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Satyagraha and disability rights: By Zan Thornton (An activist with Georgia Adapt)
Our travels to the 12 stops on our trip revealed to us Satyagraha (“Soul force”, which comes from “Satya”, meaning truth or love, and “Graha” meaning firmness or force). It involves acting for what you believe to be the truth, even when you are beaten down by opposition. Satyagraha’s key is the willingness to accept suffering or discomforts such as arrest or jail or even the effort of working on the issues all painstaking tasks. This self–sacrifice, said Gandhi, arouses the opponent’s conscience and finally causes a change of heart. More often it arouses public opinion in favor of the “Sufferers”.

Each of the 12 communities (“Ashrams”) we visited focused on economic independence creating services or jobs, no matter the disability or caste. Each Gandhian group welcomed us warmly with much dahl and rice, their typical food. Each reflected the independent living philosophy of advocacy, peer support, and skills training. Gandhian tradition requires these plus interdependency. “If it is man’s privilege to be independent, it is equally his duty to be inter–dependent”, Gandhi said. “Strength does not come from physical capacity. It comes from an indomitable will”.

Managed mostly by men with disabilities, these communities let people with disabilities live a full life, included in celebrations and religious practices and with plenty to eat. Baba Amte’s Ashram contained mostly people called “Inmates” with disabilities people with leprosy, deaf people, blind people and others seeking refuge.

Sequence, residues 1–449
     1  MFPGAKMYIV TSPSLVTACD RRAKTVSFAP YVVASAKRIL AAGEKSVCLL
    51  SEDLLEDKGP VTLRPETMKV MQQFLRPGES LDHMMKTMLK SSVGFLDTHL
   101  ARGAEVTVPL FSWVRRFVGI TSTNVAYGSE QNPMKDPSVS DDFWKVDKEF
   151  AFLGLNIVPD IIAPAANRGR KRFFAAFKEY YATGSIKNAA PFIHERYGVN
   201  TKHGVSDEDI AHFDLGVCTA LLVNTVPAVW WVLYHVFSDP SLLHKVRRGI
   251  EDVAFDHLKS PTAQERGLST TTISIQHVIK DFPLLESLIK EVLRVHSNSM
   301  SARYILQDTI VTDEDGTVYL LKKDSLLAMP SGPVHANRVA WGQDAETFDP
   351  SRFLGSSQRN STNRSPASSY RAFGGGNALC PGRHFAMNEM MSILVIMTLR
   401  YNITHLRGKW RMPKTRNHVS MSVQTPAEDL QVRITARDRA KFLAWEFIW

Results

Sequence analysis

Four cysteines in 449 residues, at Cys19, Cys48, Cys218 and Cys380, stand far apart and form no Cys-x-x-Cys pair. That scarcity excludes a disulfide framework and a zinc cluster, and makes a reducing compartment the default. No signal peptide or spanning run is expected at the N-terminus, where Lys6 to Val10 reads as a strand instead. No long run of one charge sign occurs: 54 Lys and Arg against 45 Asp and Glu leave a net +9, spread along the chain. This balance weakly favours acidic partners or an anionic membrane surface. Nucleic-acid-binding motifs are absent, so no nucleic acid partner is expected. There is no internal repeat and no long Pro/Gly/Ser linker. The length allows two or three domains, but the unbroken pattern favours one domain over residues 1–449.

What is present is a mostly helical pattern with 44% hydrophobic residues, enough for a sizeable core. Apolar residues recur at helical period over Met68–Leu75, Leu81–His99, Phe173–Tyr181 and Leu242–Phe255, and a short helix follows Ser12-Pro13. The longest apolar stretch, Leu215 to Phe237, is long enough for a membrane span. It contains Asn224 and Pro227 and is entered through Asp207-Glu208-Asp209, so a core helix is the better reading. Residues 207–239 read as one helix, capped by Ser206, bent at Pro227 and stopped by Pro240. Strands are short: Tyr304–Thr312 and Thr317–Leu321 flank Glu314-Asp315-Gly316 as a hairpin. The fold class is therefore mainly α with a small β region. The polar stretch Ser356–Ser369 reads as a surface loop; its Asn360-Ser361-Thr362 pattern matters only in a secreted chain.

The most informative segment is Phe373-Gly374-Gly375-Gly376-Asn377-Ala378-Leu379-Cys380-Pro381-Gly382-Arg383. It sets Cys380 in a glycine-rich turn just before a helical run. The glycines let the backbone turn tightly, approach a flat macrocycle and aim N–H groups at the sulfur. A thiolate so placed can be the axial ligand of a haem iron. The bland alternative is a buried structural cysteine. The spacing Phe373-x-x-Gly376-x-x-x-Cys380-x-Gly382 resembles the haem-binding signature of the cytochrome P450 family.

Society forces people with disabilities into these self–contained but often self–run communities (thus the word inmate), unlike these “Lucky inmates”, most Indian people with disabilities are viewed as “A fate worse than death“ and outside these havens, people with disabilities, like the untouchable: caste, are openly discriminated against, humiliated, and often abused.

The survival of the fittest rules India: people with significant disabilities are left to die, and thus not seen. Wheelchairs cannot take the terrain, but three wheeled bicycles can (yet I never saw women using either). In India, it is better to have leprosy than HIV or other expensive “Diseases”, for in those cases you are simply left to die because it costs too much to treat you.

Gangs steal or retrieve babies with disabilities and place them with an indentured woman who walks the street begging for money for “Her handicapped child”. As soon as these children can move on their own, the gang forces them into the street to beg for more money. Children who are blind or deaf join schools that send them to “entertain” the public to pay for tuition degrading display of their “New skills” to the public. (Yet Gandhi’s family also had a people with disability. Blind and physically disabled from birth, he listened to the radio and relayed important information every night to the people.)

At journey’s end, I reflected on the violence against people with disability not only in India but in our own country: Here it was passive violence: physician–assisted suicide, people parking illegally in the disability spot; people saying, “it’s only one step we can carry them up” and “we can’t afford to do this for you people with disability” revealed the devaluing and oppression of our people.